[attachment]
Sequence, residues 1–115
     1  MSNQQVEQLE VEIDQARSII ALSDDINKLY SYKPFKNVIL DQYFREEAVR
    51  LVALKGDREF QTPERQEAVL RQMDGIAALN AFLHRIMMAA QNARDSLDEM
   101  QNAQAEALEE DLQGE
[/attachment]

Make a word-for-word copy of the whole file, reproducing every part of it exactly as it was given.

Sequence, residues 1–115
     1  MSNQQVEQLE VEIDQARSII ALSDDINKLY SYKPFKNVIL DQYFREEAVR
    51  LVALKGDREF QTPERQEAVL RQMDGIAALN AFLHRIMMAA QNARDSLDEM
   101  QNAQAEALEE DLQGE